In Bereshit Rabbah, Bar Kappara states, "There is no dream without an interpretation." There are many dreams, though, whose meanings are not at all clear, and Yaakov's vision in Beit El is a case in point.1 As Yaakov falls asleep, he sees a ladder reaching towards the heavens. Angels ascend and descend, and Hashem stands on top.2 What does each part of the vision represent? Who are these angels? Why are they going up and down (and why in that order)? What does the ladder symbolize?
The dream contained not only visuals, but also Hashem speaking:
(יג) וְהִנֵּה ה' נִצָּב עָלָיו וַיֹּאמַר אֲנִי ה' אֱ-לֹהֵי אַבְרָהָם אָבִיךָ וֵאלֹהֵי יִצְחָק הָאָרֶץ אֲשֶׁר אַתָּה שֹׁכֵב עָלֶיהָ לְךָ אֶתְּנֶנָּה וּלְזַרְעֶךָ. (יד) וְהָיָה זַרְעֲךָ כַּעֲפַר הָאָרֶץ וּפָרַצְתָּ יָמָּה וָקֵדְמָה וְצָפֹנָה וָנֶגְבָּה וְנִבְרְכוּ בְךָ כָּל מִשְׁפְּחֹת הָאֲדָמָה וּבְזַרְעֶךָ. (טו) וְהִנֵּה אָנֹכִי עִמָּךְ וּשְׁמַרְתִּיךָ בְּכֹל אֲשֶׁר תֵּלֵךְ וַהֲשִׁבֹתִיךָ אֶל הָאֲדָמָה הַזֹּאת כִּי לֹא אֶעֱזָבְךָ עַד אֲשֶׁר אִם עָשִׂיתִי אֵת אֲשֶׁר דִּבַּרְתִּי לָךְ.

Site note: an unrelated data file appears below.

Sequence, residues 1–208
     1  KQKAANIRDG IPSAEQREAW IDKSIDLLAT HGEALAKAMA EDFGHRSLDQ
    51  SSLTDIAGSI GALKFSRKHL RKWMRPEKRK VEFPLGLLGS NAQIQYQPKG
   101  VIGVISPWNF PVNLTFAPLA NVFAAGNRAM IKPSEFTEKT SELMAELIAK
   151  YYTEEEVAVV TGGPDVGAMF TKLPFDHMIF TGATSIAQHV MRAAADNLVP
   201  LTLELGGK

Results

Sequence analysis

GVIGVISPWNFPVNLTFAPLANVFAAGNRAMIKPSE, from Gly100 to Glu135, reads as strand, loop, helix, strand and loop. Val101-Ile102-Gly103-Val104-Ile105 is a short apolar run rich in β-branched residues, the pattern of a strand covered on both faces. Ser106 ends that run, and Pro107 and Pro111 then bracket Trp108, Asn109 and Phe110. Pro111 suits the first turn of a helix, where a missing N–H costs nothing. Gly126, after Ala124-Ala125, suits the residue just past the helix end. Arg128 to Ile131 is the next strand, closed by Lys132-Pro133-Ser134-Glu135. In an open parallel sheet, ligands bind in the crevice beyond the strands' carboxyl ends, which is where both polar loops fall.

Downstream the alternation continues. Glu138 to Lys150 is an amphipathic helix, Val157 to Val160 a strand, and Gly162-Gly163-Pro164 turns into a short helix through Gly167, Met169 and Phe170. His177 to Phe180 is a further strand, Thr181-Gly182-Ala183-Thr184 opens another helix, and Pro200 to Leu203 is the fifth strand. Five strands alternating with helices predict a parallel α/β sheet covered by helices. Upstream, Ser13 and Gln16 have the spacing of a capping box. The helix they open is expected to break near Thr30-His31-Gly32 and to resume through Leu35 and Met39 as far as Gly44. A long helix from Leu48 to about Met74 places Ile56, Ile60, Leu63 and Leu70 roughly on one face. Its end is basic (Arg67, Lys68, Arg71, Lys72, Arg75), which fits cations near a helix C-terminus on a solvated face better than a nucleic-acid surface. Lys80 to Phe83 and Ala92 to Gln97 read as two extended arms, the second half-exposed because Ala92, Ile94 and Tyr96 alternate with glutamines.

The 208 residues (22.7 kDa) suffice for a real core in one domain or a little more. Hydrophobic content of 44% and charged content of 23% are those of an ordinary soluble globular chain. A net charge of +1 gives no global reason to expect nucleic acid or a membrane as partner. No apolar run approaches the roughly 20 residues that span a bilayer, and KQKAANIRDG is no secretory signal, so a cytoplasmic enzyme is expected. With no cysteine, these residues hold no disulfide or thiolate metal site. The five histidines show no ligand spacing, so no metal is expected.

(13) And Hashem was standing upon him, and He said: I am Hashem, the God of Avraham your father, and the God of Yitzchak: the land on which you are sleeping shall be yours and your descendants'. (14) And your descendants shall be like the dust of the earth, and you shall cover all the land to the west and to the east, to the north and to the south; and you and your descendants will be a blessing to all the families of the earth. (15) And I am with you, and I shall watch over you wherever you go, and I shall guide you back to this land; and I will not leave you till I have done what I have said to you.
How do Hashem's words relate to the vision itself? Are they an interpretation of the symbols seen by Yaakov or a separate and distinct message?
"This is a House of God"
Upon awakening, Yaakov notes the awesomeness of the site, declaring, "אֵין זֶה כִּי אִם בֵּית אֱ-לֹהִים וְזֶה שַׁעַר הַשָּׁמָיִם", and he then erects a monument. What makes Yaakov react so passionately? When others receive a prophecy or dream, we do not usually find any equivalent response or declaration.3 Is Yaakov's statement somehow related to the message imparted to him through the dream, or is it simply a reaction to revelation? Moreover, was Beit El really more of a "gateway to heaven" than any other city? Why did the dream take place here?